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Earbuds can really harm your hearing. When to get a hearing test.

You don’t need to feel like your alone if you haven’t had a hearing test since you were a kid. Sadly, we have a habit of treating hearing loss reactively rather than proactively, and a normal adult checkup usually doesn’t include a hearing test. As a matter of fact, even when they realize they have loss of hearing, most people neglect it for as many as seven years which can seriously impact your health. As a matter of fact, untreated loss of hearing has been shown to increase your healthcare costs in the long run.

The good news, In order for our hearing experts to help you, we suggest a hearing exam which is simple, painless and offers a wide range of information. Both to find out if interventions like hearing aids are helping you and also for diagnosing potential hearing issues. When you were a child, you may remember the audiometry test from school, but a full hearing test will give you a clearer understanding of your hearing without a sticker or a lollipop.

It’s important that you routinely get your hearing tested even though you may not typically give your hearing as much consideration as your teeth or eyes. It can be a considerable time before you notice that there is a problem with your hearing. Because hearing loss commonly takes place slowly over time it’s not easy to detect it at first, but the sooner you can, the more likely you will be able to effectively treat it.

When Should You Get Tested?

All infants should be tested for hearing loss, and normally, the hospital takes care of that before they are released. Teenagers should be screened during regular exams with their doctors and children should get formal hearing assessments at the ages of 4, 5, 6, 8 and 10 years old according to The American Academy of Pediatrics.

It’s suggested that if you are in between the ages of 18 and 49, you get your hearing checked every five years and then, as you get older, more frequently. After you turn 60 you should get checked every two years and if you are in between 46 and 60 every three years. But you might need to get tested more frequently. The regularity with which you should get checked will really depend on your individual situation. You should have your hearing checked immediately if you find that it isn’t as good as it used to be. Neglected hearing loss has been associated with mental decline, depression and increased risk of falling and other health problems. It can also influence your relationships and your ability to do work effectively.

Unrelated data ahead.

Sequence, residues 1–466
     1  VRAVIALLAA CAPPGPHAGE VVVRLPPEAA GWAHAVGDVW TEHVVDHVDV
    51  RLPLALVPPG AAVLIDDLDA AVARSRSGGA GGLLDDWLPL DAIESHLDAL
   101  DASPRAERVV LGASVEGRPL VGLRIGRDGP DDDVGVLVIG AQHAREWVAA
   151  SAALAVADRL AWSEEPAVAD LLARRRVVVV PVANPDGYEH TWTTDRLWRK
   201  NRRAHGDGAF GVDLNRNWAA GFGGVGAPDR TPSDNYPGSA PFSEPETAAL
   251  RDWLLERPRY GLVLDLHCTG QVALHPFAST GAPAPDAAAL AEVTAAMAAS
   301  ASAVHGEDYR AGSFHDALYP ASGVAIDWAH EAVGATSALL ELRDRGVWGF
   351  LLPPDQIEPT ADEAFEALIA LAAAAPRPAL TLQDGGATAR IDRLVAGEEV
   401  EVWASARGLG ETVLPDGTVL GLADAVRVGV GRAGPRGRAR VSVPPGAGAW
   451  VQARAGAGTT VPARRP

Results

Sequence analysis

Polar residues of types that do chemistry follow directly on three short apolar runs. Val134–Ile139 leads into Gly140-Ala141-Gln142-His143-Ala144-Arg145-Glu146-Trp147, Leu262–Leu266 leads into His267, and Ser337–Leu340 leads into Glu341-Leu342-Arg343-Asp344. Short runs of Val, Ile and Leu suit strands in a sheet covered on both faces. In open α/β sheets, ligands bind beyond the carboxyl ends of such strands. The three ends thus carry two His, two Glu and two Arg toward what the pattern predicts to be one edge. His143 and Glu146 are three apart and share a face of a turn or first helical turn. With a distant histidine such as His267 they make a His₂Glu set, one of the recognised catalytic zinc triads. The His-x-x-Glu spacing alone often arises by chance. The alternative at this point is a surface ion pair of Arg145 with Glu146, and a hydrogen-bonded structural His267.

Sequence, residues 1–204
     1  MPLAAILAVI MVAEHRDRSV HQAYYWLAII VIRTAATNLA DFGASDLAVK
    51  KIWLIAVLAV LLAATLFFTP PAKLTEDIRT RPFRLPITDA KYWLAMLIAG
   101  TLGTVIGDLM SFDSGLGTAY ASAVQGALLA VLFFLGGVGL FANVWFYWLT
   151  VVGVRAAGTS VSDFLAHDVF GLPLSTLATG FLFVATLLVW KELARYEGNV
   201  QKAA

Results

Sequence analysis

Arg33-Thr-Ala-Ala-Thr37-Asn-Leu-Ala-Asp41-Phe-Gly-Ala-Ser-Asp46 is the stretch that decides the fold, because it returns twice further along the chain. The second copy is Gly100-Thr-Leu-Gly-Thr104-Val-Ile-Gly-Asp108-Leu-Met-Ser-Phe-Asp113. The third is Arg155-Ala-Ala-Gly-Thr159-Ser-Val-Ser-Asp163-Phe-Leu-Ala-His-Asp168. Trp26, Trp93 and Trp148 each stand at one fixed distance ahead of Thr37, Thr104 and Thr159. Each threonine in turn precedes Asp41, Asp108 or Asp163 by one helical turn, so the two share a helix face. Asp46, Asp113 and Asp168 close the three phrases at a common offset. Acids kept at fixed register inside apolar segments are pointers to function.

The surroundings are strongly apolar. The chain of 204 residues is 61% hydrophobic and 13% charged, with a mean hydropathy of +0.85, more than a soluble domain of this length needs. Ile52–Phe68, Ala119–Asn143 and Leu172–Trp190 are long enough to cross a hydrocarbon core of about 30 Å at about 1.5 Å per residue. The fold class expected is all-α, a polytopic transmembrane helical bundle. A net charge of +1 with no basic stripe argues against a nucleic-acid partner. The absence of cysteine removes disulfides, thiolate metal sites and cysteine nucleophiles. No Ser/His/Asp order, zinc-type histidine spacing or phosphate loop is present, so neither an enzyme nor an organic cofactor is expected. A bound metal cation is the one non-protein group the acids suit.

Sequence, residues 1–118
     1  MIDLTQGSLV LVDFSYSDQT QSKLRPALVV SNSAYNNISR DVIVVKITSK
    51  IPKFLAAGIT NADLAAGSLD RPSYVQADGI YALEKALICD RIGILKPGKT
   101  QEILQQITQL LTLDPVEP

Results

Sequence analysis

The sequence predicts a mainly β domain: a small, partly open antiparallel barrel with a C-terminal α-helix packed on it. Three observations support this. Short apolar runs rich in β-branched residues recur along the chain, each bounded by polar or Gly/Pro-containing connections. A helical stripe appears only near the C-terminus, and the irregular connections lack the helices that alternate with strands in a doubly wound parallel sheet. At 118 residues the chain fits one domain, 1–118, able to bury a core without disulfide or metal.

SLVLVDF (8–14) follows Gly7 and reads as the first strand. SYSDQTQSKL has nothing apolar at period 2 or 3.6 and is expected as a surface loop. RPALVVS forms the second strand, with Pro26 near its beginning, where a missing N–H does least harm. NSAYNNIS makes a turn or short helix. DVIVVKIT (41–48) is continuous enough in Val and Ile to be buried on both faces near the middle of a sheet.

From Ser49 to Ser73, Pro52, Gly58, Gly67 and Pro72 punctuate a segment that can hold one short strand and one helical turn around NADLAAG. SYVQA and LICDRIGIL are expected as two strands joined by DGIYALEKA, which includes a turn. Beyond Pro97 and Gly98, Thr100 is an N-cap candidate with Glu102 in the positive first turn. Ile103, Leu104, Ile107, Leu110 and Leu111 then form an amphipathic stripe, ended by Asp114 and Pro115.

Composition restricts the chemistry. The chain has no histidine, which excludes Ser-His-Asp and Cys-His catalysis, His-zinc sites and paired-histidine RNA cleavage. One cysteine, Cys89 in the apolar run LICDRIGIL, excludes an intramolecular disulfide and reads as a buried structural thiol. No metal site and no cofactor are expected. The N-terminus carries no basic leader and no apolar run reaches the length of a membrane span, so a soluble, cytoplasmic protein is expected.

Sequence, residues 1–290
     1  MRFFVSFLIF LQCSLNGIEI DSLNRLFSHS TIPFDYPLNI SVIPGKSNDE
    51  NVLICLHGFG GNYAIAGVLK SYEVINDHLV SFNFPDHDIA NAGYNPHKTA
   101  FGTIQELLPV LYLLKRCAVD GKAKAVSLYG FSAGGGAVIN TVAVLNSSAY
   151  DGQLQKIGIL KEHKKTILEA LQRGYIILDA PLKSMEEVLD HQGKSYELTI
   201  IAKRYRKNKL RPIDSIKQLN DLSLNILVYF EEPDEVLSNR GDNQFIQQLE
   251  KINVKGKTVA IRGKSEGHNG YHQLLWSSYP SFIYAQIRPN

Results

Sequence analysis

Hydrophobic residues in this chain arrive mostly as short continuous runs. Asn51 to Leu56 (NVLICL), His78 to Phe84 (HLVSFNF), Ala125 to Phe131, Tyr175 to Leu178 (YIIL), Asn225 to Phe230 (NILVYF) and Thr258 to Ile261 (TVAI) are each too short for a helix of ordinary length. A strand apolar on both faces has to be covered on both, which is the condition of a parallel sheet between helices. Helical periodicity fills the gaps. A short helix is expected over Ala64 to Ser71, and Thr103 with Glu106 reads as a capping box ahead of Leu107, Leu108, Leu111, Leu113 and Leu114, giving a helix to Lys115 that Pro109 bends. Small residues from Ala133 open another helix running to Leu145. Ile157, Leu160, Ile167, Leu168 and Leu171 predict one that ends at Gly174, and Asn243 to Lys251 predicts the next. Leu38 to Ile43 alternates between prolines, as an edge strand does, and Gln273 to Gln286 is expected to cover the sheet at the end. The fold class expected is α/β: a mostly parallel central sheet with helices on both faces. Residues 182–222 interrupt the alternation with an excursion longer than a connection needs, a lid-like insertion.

There are also circumstances in which you should have a hearing exam as soon as possible to address hearing loss that could get worse. An immediate hearing test is advisable if:

  • You find yourself having to constantly ask people to repeat themselves
  • Conversations are difficult to hear when you are in a crowded area especially
  • You are experiencing vertigo
  • You are experiencing a constant ringing in your ears
  • There is earwax buildup or you had an ear infection
  • It is difficult to pinpoint where sounds are coming from

Another consideration is whether you are at a higher risk for hearing loss. You should get your hearing examined more often, for example, if you are subjected to loud noise or if loss of hearing runs in your family.

There are also more than 200 ototoxic medicines. These drugs can be extremely harmful for your hearing and they range from certain antibiotics to aspirin. Check with your doctor to make sure any medicines you are taking aren’t impacting your hearing. Consider having your hearing tested more frequently in order to address any hearing loss immediately if you are using any ototoxic medications.

Also, think about how your habits may be impacting your hearing loss. Frequently using your earbuds? Hearing loss has substantially increased in younger people, and many experts believe that this is because of the use of headphones and earbuds. shows, loud concerts, and machinery can also do considerable harm to your ears. If you feel that it’s time for you to have your hearing examined, schedule an appointment today.

The site information is for educational and informational purposes only and does not constitute medical advice. To receive personalized advice or treatment, schedule an appointment.
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